The Rockites were nationalists of a sort, with ‘the Irish nation’ figuring prominently in their threatening notices.

The idea of the Irish ‘nation’ was one which featured regularly in the Rockite rhetoric. One such example can be found in a threatening notice which in December 1821 complained: ‘We are oppressed by the tyrannical laws of the English government, which we can endure no longer . . We [will] have the Irish parliament and king crowned in Ireland, as these formerly was.’[27] Books on ‘rapparee literature’ such as the History of Feeney the Robber,  had been read in hedge schools for over twenty years prior to the 1798 rebellion, and the fact that they were still popular might well suggest the prevalence of attitudes favourable to United Irishmen.

Carleton wrote that in the hedge schools ‘Eulogiums on murder, robbery, and theft were read with delight’, he mentioned in particular the popular chapbook, the Irish Rogues and Rapparees. Through these books Carlton argued that ‘their knowledge was directed to evil purposes—disloyal principles were industriously insinuated into their minds by their teachers, most of whom were leaders of illegal associations.’[28]Similarly in Moore’s Memoirs of Captain Rock,the Captain’s rebellious nature seems to be ingrained in him from an early age.

Learning off by rote was a widespread practice in the hedge schools, where school books would not have been easily available, and the Captain is still able to recall important quotes that have stayed with him from childhood. In the endof the first chapter of the Memoirs, the Captain Rock ties the history of his own family, the ‘Rock Dynasty’, with a line from Virgil.The message of ‘translation’ which Rock was taught as a boy is obvious, ‘Through Leinster, Ulster, Connaught and Munster/ROCK’s the boy to make the fun stir.’[29]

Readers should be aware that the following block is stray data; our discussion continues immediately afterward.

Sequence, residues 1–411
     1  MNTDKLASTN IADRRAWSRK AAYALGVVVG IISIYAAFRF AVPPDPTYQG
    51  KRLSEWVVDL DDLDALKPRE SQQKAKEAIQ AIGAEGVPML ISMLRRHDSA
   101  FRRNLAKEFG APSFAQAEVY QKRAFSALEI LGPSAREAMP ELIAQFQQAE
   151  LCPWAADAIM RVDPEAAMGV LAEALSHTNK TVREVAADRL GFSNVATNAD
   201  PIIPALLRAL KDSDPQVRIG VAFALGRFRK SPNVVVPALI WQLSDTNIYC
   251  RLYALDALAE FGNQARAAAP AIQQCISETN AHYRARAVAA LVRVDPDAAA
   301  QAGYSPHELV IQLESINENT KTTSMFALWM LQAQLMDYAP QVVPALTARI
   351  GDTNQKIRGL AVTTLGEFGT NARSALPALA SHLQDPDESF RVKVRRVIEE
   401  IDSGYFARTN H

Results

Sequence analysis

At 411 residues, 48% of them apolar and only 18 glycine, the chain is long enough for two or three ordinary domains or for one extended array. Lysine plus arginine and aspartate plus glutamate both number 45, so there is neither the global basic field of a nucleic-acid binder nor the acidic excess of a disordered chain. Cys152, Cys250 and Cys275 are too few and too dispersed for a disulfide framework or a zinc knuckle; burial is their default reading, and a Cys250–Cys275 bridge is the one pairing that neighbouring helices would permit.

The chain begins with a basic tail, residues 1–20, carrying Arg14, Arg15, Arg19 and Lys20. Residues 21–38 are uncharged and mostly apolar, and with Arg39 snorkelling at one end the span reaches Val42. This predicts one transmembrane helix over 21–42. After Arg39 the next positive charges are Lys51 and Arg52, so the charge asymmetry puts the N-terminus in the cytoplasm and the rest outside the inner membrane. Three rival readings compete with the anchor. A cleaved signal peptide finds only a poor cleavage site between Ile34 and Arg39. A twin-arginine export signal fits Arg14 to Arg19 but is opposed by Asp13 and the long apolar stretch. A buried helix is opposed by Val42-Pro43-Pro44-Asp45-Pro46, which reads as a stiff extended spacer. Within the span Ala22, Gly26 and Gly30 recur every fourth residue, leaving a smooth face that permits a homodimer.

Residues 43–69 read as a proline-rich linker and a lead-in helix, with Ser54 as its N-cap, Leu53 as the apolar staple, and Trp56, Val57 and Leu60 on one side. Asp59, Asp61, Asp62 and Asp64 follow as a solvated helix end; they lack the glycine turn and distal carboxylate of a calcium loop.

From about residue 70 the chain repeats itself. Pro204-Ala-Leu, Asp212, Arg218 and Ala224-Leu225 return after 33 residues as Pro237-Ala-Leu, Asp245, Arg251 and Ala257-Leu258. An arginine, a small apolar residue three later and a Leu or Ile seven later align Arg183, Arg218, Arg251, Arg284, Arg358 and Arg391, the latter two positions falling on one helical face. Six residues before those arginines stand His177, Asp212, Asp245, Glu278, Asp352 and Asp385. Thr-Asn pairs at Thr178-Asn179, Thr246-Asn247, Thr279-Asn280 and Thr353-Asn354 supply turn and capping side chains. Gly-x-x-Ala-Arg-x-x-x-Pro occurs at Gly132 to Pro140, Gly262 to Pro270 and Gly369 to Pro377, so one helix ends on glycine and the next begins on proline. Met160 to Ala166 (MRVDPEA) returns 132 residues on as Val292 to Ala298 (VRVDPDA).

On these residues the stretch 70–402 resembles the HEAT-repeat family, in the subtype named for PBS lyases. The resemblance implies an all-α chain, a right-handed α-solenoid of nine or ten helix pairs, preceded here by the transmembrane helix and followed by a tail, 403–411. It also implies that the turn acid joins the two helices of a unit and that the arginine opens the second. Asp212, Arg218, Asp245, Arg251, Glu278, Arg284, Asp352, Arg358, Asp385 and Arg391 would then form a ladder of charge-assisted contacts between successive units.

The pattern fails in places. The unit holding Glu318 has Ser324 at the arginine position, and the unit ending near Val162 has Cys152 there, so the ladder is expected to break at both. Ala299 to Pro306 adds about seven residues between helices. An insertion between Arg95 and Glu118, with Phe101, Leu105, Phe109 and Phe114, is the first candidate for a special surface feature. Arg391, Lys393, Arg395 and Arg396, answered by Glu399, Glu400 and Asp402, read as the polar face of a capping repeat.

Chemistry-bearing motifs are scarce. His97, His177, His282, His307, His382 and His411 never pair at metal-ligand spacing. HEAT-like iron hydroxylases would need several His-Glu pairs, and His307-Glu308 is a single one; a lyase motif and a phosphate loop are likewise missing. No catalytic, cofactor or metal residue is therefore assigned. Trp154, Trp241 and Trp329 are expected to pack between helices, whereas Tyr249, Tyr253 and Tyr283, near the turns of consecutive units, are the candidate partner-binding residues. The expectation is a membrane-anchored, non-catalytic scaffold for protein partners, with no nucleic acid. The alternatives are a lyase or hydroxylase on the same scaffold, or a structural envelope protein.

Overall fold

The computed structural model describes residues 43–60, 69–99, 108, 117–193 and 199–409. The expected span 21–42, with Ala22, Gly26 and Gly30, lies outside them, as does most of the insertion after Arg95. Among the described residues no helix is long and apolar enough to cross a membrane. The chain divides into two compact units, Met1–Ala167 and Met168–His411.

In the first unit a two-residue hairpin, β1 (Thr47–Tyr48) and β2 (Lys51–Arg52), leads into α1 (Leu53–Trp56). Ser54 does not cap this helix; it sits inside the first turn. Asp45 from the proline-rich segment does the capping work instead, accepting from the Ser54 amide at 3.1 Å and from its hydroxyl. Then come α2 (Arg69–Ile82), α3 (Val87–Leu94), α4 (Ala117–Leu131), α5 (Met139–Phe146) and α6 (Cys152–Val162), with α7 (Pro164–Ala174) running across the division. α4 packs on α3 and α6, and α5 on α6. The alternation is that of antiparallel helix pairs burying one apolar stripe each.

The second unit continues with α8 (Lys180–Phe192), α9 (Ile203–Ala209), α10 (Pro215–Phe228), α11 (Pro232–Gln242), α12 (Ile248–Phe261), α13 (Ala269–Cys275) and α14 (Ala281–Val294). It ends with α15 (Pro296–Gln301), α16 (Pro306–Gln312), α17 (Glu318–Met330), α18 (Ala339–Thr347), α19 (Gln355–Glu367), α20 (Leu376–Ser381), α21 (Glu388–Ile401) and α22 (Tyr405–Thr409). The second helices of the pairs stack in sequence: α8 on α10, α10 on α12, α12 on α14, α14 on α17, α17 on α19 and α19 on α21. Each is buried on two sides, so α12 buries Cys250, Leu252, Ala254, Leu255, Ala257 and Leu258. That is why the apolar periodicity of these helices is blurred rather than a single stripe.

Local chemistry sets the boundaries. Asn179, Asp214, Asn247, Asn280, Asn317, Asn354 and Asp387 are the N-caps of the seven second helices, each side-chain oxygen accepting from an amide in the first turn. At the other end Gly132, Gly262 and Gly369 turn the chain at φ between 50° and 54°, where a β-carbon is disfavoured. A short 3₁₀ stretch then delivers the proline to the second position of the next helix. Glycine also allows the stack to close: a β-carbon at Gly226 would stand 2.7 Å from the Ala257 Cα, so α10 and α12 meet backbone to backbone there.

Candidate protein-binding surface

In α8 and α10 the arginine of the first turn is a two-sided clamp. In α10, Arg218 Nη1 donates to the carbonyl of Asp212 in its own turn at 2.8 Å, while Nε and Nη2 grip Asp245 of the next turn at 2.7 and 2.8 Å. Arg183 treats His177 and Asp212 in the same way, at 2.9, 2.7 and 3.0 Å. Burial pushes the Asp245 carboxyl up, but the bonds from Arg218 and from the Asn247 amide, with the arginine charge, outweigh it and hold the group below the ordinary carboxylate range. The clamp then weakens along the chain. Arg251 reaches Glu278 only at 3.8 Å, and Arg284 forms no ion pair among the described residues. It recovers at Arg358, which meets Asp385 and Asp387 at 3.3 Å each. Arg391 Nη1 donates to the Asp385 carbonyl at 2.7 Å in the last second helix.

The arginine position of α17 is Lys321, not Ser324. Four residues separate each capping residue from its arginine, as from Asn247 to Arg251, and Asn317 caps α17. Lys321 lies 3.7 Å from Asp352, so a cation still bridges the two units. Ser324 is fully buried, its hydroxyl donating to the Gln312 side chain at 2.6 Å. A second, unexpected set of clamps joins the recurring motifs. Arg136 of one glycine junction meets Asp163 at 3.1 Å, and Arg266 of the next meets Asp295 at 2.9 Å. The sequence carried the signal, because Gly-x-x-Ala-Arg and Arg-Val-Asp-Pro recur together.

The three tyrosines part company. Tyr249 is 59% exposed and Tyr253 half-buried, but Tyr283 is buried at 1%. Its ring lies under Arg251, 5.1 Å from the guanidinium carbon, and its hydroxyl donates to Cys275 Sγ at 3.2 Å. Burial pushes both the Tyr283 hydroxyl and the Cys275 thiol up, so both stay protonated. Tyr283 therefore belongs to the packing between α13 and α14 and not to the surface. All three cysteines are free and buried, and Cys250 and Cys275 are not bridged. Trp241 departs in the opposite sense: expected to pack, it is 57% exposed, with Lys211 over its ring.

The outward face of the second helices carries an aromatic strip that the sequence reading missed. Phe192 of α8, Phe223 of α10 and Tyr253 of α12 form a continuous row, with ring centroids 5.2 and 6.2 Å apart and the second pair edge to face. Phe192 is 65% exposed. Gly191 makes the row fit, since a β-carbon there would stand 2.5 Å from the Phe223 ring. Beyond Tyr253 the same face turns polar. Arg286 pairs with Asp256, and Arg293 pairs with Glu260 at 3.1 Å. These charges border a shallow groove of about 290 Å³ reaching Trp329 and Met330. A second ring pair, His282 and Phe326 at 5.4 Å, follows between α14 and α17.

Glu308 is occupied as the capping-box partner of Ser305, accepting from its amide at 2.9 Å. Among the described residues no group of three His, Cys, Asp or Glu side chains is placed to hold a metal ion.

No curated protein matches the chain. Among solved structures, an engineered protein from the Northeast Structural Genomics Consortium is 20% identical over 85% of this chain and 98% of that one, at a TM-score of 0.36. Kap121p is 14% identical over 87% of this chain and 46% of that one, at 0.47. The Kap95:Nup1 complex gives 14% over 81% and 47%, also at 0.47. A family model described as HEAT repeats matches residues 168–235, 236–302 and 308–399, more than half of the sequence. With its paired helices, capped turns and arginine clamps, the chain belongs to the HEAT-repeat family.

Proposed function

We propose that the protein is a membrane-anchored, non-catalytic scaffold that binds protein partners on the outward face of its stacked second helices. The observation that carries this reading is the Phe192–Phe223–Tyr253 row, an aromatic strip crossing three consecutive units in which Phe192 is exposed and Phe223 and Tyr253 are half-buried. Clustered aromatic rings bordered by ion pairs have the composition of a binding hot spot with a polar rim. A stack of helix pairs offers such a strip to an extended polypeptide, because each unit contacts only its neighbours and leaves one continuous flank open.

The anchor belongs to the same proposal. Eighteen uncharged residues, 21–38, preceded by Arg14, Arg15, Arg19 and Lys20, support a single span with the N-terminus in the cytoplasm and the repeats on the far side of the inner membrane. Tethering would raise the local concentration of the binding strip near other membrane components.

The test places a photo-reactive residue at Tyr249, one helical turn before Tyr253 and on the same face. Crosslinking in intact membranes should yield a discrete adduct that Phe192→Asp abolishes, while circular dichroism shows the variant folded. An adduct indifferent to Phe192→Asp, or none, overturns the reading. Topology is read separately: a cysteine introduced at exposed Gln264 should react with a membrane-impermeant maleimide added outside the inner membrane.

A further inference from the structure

Emer Nolan’s points out that in these lines Moore first cites the voice of the Rockites and offers a literary equivalent of the threatening letters and oaths of the secret agrarian societies. This revival was the product of the structure and tradition of the local society as the divisions created in the 1790s were not extinct and at times resurfaced.

 Reforming the Rockite image

 The 1820s saw religious differences in Ireland become sharper and more intense. One factor was the simultaneous rise in the evangelical movement within Irish Protestantism, in conjunction with the spread of the millenarian religious prophecies of Pastorini and others, which predicted the annihilation of Protestantism on earth in the year 1825. A second factor was the revival of agitation over Catholic emancipation

In the late 1820s it seems as if hedge schoolmasters moved away from the Rockites and towards the peaceful mobiliations favoured by Daniel O’Connell.

Alongside the Rockite movement there was the non-violent lobbying of Daniel O’Connell and the Catholic Association with which the hedge schoolmaster was also connected. James Nash, a Waterford hedge schoolmaster was a ‘confirmed pacifist’ and O’Connellite, but he understood why the Young Irelander’s were frustrated with the Liberator’s peaceful policy. He spoke of the Young Irelander’s newspaper, The Nation, as being, ‘the greatest paper published . . . the prose left the dream of Plato in the background, and the poetry eclipsed the Iliad!’[30]

The hedge schoolmasters were not just concerned with insurrections and secret societies, as Dowling also gives an example of Tomás Ruadh O’Sullivan (respected poet and songwriter, as well as a schoolmaster) as another ‘great admirer’ of Daniel O’Connell. In analysing the legacy of Moore’s Memoirs Luke Gibbons, quoting Daniel O’Connell, states that the Memoirs were ‘to the struggle for Catholic Emancipation what Uncle Tom’s Cabin was to the abolition of slavery.’[31]

Moore, therefore, re-orientated the threatening ‘Captain Rock’ towards the new strident voice of Catholic middle-class politics of the mid-1820s. Thus the Memoirs, as part of the wider movement of ‘improvement literature’civilized the most fearful feature of Irish popular culture. It was, consequently, integral to the O’Connellite project of weaning the rural poor away from violent, local agrarian movements and leading them into non-violent, national politics.[32]

 Conclusion

In the works of Moore, Crofton and Carleton, the difficulty in representing an often violent Irish agrarian society to the ‘polite sensibilities’ of an English readership is apparent. The influence of the hedge schoolmaster in Irish agricultural society during this period, as seen in contemporary literary work, is evidence of the need to redefine Irish identity through a mentality of the pedagogy of the oppressed.